The Broken Way

Ann Voskamp's style is hard for some people to take. Her books are prose poetry, and those who are interested in a strictly academic systematic theology will be disappointed. I find that her writing style is the most common criticism by people who don't like her books. I, however, love the way she writes. It's like an amalgam of T.S. Eliot and Bonhoeffer.

Another criticism I've heard of Voskamp is that her theology is heretical mysticism that perverts the gospel. I read one "discernment" blogger saying that she could hear the whispering of the serpent through Ann Voskamp's writing. I honestly don't get this one at all. I didn't find any trace of bad doctrine in this book at all. Maybe she emphasizes things in a different way than I would, maybe she uses non-standard theological vocabulary, but what she is presenting here is a pretty solid theology of suffering such as Martin Luther would have undoubtedly approved. She's also probably more well…

Europe Before Luther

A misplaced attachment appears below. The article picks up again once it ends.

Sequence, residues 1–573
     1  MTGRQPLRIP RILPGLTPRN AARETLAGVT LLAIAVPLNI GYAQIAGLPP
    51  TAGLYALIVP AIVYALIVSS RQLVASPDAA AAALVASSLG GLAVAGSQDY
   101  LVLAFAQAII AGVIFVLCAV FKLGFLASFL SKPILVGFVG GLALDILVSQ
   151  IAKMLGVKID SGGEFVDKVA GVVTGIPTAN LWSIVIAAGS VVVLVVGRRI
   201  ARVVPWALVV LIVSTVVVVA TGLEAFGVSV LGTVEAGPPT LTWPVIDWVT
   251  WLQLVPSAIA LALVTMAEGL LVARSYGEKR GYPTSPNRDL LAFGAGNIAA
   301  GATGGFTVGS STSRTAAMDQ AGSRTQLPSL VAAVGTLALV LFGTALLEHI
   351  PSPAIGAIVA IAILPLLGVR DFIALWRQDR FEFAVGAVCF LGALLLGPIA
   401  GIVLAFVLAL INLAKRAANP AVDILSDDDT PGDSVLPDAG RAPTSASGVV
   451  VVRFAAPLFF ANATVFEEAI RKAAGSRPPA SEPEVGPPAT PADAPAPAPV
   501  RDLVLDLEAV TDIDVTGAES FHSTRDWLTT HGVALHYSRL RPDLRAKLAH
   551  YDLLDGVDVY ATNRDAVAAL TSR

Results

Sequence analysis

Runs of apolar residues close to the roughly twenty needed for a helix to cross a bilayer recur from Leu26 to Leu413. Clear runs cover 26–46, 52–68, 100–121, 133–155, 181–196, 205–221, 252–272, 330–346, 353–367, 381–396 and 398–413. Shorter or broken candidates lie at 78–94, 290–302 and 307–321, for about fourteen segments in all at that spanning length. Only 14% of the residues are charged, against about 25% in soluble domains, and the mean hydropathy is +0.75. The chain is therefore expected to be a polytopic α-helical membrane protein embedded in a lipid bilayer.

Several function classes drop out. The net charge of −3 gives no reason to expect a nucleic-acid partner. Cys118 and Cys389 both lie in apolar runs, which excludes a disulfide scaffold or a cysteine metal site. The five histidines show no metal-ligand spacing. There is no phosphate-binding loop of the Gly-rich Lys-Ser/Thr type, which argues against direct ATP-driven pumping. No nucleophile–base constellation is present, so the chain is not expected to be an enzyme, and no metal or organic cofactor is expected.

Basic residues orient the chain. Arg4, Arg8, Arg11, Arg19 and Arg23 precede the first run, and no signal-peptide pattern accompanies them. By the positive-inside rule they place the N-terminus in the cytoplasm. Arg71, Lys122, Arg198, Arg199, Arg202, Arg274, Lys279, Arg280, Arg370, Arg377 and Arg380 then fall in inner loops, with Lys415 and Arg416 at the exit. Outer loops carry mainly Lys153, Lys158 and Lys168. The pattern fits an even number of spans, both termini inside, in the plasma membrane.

"In [Luther's] day, as Catholic historians all agree, the Popes of the Renaissance were secularized, flippant, frivolous, sensual, magnificent and unscrupulous... Politics were emancipated from any concern for the faith to such a degree that the Most Christian King of France and His Holiness the Pope did not disdain a military alliance with the Sultan against the Holy Roman Empire. Luther changed all this. Religion became again a dominant factor even in politics for another century and a half. Men cared enough for the faith to die for it and to kill for it. If there is any sense remaining of Christian civilization in the West, this man Luther in no small measure deserves the credit.”[1]


[1] Roland Bainton, Here I Stand: A Life of Martin Luther (New York: Meridian, 1977) 15.

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